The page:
5 Simple Ways to Boost an Underperforming 401(k)


There are about 52 million Americans saving up for retirement using a 401(k). While this is an impressive number, it doesn't tell the full picture of the state of U.S. retirement planning. (See also: 12 Things You Didn't Know About Retirement)

In 2014, the average U.S. worker had only accumulated in their 401(k) enough for $4,000 annual retirement income, or about $333 monthly. That's an alarmingly low figure.

Here are five simple ways to boost those underperforming 401(k) plans.

1. Switch Actively Managed Funds to Index Funds

When allocating the funds in their 401(k), folks often choose accounts that promise high returns. In other words, they look to beat the market.

Stop it.

Chasing those high returns is eating away your 401(k) contributions. Funds that try to outperform the market, also known as actively managed funds, generally have higher fees than those that seek to simply track market performance, known as index funds.

While investing in index funds may sound like a boring investment strategy, consider these three facts:

  • While the average expense ratio for actively managed U.S. mutual funds is 1.32%, the Vanguard Total Stock Market Index (VTSMX), the largest index mutual fund, charges just 0.17% per year.
  • Warren Buffett's will stipulates that 90% of his assets be invested in a very low-cost S&P 500 index fund.
  • Mad Money's Jim Cramer has gone on the record about the benefits of index investing: "After a lifetime of picking stocks, I have to admit that Bogle's arguments in favor of the index fund have me thinking of joining him rather than trying to beat him." John "Jack" Bogle, the founder of Vanguard, has championed low-cost index investing since the 1970s.

2. Stop Playing Stock Trader

Would you hire a plumber to fix your car?

Definitely not!

So, why are you insisting on trading the stocks and accounts in your 401(k)?

A nationwide survey of 401(k) participants found that:

  • 52% of American workers find explanations of their 401(k) investments more confusing than explanations of their health care benefits;
  • 46% don't know what their best investment options are; and
  • 34% feel a lot of stress over allocating their 401(k) monies.

If you're still unconvinced about the negatives of actively trading your account, remember that the average actively managed mutual fund has an average annual return of 2% less than that of the stock market. A sample of self-directed account holders showed that 76% of their account returns underperformed the S&P, and 72% underperformed the core model of their plans.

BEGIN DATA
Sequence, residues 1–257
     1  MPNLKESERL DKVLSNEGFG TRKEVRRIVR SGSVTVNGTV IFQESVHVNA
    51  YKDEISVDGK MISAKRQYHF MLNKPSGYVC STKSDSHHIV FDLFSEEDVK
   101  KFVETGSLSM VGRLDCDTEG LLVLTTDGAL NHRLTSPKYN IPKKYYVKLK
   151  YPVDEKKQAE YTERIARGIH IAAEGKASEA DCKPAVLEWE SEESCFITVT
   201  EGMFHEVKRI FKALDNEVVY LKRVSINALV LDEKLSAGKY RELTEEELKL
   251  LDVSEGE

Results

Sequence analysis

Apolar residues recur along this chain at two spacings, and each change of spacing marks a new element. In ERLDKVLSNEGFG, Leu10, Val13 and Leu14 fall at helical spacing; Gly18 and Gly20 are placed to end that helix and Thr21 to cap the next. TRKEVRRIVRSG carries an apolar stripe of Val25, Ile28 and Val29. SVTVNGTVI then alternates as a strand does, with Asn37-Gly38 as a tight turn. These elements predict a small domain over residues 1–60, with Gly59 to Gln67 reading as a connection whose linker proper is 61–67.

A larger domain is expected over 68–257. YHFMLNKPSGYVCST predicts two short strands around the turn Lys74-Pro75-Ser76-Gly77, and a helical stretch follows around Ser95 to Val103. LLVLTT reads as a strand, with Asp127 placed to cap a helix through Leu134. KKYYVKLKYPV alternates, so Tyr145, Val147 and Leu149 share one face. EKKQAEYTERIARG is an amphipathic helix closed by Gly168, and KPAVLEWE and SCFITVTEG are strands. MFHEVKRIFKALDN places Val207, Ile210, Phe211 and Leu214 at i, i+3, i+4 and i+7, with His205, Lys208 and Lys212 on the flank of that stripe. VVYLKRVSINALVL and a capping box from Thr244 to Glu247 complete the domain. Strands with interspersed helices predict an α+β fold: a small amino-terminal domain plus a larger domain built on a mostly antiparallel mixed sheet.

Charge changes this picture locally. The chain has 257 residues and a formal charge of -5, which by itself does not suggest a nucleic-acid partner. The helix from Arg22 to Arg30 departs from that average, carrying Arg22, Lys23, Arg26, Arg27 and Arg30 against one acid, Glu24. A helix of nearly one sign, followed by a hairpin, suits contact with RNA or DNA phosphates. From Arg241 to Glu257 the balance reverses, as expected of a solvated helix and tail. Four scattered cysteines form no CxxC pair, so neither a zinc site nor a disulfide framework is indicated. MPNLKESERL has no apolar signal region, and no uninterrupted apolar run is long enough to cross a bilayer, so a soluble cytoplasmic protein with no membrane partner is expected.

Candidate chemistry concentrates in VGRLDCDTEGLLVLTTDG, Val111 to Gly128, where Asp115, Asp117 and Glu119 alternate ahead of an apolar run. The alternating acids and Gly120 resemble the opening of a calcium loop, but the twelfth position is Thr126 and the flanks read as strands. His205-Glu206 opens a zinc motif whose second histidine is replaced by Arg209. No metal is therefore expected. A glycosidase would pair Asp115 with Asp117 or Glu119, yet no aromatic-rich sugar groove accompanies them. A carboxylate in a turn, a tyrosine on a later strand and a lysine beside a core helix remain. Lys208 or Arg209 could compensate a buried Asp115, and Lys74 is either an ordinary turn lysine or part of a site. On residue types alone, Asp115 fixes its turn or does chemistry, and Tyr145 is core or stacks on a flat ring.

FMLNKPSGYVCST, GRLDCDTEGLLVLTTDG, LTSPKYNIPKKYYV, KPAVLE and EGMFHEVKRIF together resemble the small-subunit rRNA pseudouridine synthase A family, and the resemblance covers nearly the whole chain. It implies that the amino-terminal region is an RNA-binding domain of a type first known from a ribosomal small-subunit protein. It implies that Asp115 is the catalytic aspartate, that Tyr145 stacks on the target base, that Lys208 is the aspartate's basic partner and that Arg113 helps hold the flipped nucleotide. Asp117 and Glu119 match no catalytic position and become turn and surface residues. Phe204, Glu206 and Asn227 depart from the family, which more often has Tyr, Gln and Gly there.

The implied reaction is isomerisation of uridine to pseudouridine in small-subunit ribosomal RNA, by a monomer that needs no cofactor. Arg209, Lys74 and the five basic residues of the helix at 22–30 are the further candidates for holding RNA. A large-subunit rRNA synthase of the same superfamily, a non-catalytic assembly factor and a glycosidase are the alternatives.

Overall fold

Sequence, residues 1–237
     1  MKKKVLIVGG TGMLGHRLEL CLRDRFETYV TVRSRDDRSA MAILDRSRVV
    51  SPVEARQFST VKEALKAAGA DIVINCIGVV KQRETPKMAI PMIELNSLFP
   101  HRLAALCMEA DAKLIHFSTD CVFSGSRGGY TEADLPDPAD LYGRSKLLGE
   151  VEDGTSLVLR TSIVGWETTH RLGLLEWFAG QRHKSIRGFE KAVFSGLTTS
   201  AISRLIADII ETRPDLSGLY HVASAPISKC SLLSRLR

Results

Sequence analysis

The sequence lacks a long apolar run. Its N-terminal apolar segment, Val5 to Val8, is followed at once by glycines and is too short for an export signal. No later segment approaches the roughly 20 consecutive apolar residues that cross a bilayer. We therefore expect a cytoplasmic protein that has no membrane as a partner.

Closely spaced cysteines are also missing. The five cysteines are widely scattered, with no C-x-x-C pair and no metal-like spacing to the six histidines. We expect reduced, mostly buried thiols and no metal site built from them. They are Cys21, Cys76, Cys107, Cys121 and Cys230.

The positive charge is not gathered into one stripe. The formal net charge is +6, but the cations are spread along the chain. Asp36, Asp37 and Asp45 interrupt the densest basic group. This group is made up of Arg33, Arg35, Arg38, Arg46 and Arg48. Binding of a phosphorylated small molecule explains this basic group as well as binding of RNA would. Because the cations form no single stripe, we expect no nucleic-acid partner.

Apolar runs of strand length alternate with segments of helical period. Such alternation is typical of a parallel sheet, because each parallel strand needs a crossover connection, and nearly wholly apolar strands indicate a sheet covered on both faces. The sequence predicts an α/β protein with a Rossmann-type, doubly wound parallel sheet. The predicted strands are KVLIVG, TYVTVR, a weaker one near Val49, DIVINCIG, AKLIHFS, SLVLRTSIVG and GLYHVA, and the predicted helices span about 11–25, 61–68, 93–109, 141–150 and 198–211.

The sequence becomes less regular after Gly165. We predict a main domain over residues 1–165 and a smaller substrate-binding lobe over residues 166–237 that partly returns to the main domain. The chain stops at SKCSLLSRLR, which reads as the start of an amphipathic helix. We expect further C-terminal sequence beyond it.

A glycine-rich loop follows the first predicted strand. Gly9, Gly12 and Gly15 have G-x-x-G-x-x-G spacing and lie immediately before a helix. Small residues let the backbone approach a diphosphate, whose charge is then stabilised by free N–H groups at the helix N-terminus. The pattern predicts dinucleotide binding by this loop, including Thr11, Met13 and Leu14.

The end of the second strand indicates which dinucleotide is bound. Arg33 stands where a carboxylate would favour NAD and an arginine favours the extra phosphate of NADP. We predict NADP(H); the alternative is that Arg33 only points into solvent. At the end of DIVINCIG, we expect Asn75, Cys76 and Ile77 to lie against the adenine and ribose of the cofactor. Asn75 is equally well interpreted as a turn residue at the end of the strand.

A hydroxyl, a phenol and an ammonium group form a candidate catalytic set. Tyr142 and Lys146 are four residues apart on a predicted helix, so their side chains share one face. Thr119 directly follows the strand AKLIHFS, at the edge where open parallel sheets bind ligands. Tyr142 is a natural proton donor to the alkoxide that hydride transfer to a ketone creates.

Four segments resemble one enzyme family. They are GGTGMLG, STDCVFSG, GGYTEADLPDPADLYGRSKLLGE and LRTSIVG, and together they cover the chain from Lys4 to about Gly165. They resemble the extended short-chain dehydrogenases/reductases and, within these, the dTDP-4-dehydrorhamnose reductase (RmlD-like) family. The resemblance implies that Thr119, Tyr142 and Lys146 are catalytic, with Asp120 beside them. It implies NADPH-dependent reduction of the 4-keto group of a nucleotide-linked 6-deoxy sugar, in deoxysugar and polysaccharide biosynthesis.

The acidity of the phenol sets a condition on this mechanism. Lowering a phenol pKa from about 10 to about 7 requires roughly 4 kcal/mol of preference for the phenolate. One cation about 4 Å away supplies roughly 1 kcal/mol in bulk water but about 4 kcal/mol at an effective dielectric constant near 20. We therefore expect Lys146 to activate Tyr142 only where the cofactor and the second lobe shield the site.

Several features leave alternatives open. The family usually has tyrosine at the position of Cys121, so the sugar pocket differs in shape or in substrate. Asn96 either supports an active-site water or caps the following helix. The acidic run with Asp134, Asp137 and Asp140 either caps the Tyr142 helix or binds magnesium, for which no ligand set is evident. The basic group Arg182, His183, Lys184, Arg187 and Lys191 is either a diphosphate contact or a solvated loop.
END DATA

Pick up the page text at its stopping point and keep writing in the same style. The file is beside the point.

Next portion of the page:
On top of that, some 401(k) plans may charge you additional fees for self-directed brokerage options. Now that's a double whammy for playing stock trader. Instead, request a one-on-one appointment with your plan's administrator (over half of retirement plans offer individual investment advice) to go over your retirement saving strategy, and stick to it. (See also: This Is the Basic Intro to Having a Retirement Fund That Everyone Needs to Read)

3. Consolidate 401(k) Balances

The term "four-year career" has gone from oxymoron to a reality for younger generations. According to data from the Bureau of Labor Statistics, today's average worker stays on the job for 4.4 years. And for younger workers, that time period is cut in half.

This means that there are many workers who have several 401(k) plans laying around. Since not all 401(k)s are alike, it's a good idea to consolidate all those balances into a single account. It will simplify your life and make it easier to keep track of your nest egg's performance.

While there are several criteria to evaluate plans, there are two that lead the pack:

  • Choose the plan with the lowest expense ratio. A good rule of thumb is that your total expense ratio should be no more than 1%.
  • Evaluate the additional perks that may become available for maintaining a larger balance at a single institution.

4. Maximize Employer Contributions to Your 401(k)

Vanguard reports that the most common matching formula for employers is $0.50 on the dollar on the first 6% of pay. This means that an employee with a $50,000 annual salary would receive a $1,500 boost to her 401(k), if she were to maximize her contributions.

It's in your best interest to bump up your savings to the full 6% (or the applicable maximum of your plan) of your pay. If you don't use it, you are missing out on free retirement cash.

Additionally, ask your plan sponsor about a couple of key plan details: true-up and vesting schedule.

True-Up Feature

Some companies have complicated contribution matching formulas, so a true-up feature helps you maximize the amount of possible matching funds under your 401(k)'s guidelines. This feature is particularly useful for those employees that wait for big bonuses to make a contribution to their retirement accounts.

Vesting Schedule for Employer Contributions

Employer contributions to your 401(k) plan may be subject to a vesting period. If you change jobs before the vesting period, you lose your employer's contributions to your retirement plan.

5. Ask Your Plan Administrator for Lower Fees

If you're using an employer-sponsored 401(k), then ask your plan's sponsor to renegotiate operating expenses. During the 2013-2014 period, more than 75% of employers attempted to cut 401(k) expenses, so your request is nothing out of the ordinary.

Find out why your plan administrator is choosing the funds that the're choosing. If there is no record of legitimate reasons, then you have ammunition to demand a re-evaluation of current fees and class shares. The lower your plan's fees, the better your returns.

What have you done to boost an underperforming 401(k)?

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